Deadline day approaching

03 October 2022 - by Adam Newton

In football, transfer deadline day sees a rush from the clubs to try and get as many deals over the line as possible. With the aim of getting the strongest squad to remain in the top division or to get promoted. In the politics of Northern Ireland, this upcoming deadline has that feel to it.

Having just been appointed to the post, the new Secretary of State for Northern Ireland, Chris Heaton-Harris MP, has some considerable decisions to take as deadline day looms.

With the introduction of the Northern Ireland (Ministers, Elections and Petitions of Concern) Act 2022 earlier this year, Ministers remained in post without a sitting Executive for a period up to 24 weeks after an election.  This has allowed for decisions to continue to be taken.  Funding has also been allocated to those policy areas which have previously been agreed by the Executive. 

However, the legislation does not allow for any new policy developments or consultations to be launched, which has restricted the influence Ministers can exert to tackle the emerging issues surrounding the cost-of-living crisis.

In a recent letter to MLAs, the Speaker, Alex Maskey, confirmed that the deadline for filling the positions of First and deputy First Minister expires on 28th October.  He also confirmed that under the legislation, if these appointments are not made, the following will come into force:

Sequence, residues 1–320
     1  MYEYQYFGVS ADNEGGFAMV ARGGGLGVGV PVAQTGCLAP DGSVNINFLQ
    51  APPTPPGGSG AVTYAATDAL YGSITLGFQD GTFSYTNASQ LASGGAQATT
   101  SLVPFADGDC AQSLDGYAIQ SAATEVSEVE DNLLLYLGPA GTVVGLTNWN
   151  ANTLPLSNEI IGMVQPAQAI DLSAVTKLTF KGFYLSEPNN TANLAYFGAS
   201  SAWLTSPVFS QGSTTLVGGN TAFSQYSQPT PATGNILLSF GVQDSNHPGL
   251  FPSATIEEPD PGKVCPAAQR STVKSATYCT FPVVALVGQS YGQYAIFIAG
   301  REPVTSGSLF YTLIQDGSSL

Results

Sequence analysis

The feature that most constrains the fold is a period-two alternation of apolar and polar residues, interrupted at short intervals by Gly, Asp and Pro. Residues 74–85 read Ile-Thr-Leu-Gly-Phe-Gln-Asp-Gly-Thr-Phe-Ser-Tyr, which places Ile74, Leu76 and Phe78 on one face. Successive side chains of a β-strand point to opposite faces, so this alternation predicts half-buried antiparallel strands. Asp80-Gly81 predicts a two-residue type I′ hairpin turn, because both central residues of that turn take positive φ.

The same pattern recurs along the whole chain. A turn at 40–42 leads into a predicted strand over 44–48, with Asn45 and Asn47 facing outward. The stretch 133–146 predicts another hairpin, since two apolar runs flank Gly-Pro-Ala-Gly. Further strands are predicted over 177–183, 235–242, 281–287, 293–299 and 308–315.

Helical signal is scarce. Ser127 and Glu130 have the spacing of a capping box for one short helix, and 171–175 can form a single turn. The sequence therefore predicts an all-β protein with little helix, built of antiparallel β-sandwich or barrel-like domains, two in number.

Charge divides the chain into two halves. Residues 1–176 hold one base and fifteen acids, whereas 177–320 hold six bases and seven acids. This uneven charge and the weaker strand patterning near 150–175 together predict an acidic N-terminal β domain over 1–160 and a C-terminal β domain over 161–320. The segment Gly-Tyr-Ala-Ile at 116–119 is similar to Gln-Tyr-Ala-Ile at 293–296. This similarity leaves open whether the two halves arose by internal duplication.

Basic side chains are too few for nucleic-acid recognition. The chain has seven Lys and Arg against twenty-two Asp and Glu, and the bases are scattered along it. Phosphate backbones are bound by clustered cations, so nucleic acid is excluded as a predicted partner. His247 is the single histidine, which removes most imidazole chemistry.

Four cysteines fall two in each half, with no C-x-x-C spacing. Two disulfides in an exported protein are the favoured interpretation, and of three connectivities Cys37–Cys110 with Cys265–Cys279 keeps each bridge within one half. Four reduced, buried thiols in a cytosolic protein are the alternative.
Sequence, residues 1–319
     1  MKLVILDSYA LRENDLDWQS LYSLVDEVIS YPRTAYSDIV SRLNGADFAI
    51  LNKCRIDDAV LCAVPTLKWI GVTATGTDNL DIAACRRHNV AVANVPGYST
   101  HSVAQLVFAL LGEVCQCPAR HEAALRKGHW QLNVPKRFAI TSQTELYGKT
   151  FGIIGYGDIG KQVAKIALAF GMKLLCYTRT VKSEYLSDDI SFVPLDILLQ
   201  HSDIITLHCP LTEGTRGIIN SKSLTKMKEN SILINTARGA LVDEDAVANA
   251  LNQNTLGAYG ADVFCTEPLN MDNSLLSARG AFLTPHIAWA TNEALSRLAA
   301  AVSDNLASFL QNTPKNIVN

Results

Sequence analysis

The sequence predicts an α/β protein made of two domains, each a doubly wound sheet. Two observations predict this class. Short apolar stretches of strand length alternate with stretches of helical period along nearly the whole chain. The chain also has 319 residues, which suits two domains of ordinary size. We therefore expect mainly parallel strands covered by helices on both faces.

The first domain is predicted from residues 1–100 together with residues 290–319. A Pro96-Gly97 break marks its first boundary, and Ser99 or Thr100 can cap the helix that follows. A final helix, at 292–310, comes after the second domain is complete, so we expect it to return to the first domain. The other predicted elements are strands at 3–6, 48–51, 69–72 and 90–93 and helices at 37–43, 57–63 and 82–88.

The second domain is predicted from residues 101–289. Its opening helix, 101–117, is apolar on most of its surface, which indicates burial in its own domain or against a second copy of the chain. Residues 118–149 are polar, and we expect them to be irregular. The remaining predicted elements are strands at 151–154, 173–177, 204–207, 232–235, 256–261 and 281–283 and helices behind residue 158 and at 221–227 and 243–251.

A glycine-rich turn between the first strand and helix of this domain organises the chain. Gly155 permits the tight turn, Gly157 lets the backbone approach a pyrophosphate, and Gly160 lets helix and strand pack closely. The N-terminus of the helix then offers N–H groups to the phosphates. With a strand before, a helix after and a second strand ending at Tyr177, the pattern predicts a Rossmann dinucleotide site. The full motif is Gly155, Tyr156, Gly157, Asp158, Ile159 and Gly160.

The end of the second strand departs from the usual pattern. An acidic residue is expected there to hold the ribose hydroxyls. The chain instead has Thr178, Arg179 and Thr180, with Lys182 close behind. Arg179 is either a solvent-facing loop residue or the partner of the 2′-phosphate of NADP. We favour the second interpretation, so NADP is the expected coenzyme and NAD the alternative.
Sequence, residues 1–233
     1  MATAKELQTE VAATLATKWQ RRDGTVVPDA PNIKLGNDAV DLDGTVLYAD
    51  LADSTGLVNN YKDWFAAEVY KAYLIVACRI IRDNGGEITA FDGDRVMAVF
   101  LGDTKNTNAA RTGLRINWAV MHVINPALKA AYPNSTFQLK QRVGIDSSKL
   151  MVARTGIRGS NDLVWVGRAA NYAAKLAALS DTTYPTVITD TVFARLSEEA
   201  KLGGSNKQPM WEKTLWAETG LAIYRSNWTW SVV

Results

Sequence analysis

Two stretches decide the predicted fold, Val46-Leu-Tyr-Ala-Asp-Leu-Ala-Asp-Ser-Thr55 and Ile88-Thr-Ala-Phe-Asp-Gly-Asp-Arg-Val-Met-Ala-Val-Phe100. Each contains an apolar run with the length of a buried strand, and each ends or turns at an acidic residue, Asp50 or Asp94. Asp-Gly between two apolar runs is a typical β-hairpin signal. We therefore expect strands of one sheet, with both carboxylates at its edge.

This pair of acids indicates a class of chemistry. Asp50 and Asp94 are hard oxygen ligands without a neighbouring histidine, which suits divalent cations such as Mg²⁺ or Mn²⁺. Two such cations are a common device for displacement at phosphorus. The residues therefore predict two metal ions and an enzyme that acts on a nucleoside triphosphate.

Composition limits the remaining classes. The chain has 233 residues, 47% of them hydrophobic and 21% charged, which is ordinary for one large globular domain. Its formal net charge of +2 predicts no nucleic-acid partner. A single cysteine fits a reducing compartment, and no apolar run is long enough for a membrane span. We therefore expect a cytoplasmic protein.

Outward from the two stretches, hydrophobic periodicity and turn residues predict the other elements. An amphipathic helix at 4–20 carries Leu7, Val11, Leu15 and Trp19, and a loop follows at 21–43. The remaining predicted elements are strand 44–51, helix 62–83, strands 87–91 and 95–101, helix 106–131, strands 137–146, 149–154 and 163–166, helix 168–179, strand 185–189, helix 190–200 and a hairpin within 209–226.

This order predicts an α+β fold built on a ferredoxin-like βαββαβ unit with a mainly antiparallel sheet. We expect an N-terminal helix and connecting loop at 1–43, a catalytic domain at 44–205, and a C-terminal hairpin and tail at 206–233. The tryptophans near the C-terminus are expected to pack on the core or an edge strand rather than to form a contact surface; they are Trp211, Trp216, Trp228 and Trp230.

• Those Ministers who are currently in post cease to hold office;
  • The offices of First Minister and deputy First Minister; and the other ministerial offices can no longer legally be filled;
  • In line with Standing Order 45A(4)(b), the Opposition will be dissolved; and
  • The Secretary of State is required, as soon as practicable, to propose a date for an Assembly election which must take place within 12 weeks

We have also seen the Permanent Secretary of the Department of Finance enact Section 59 of the Northern Ireland Act 1998, and Section 7 of the Government Resources and Accounts Act (NI) 2001 to set out the cash and resources limits for Departments.  This was necessary  in the absence of an agreed budget to allow Departments to access finance before reaching their cash limit.  Currently, authorisation has been set at approximately 60% of each Departments’ provision for the 2021-22 financial year, with a review scheduled for October.

In spite of the strong statement of intent by Heaton-Harris, the letter from the Speaker, and follow-up comments from the Prime Minister on calling an election should no Executive be in place by 28 October, privately he will be reflecting on his options;

  • Will he call an election or postpone to give the parties more space to come to an agreement and allow the new Westminster government time to bed-in?
  • Will legislation be introduced or extended at Westminster to keep the Ministers in post?
  • Will he wait until the NI Protocol Bill passes through Westminster? 
  • Will he introduce a budget through Westminster, as we have seen previously?
  • Will the UK and EU come to an agreement which will satisfy the parties to reform the Assembly and Executive?

However, Northern Ireland may not be top of the Government’s agenda, as they scramble to take control of what appears to be a freefall in popularity at the polls following Kwasi Kwarteng’s mini-budget. Despite the u-turn on the 45% tax rate they still have their eye on another deadline - the date they have set for the Medium-Term Fiscal Plan on 23 November.

The focus on this side of the Irish sea however is on 28 October, and whether there is room for a slightly less definitive reading of what exactly it will bring by the Secretary of State.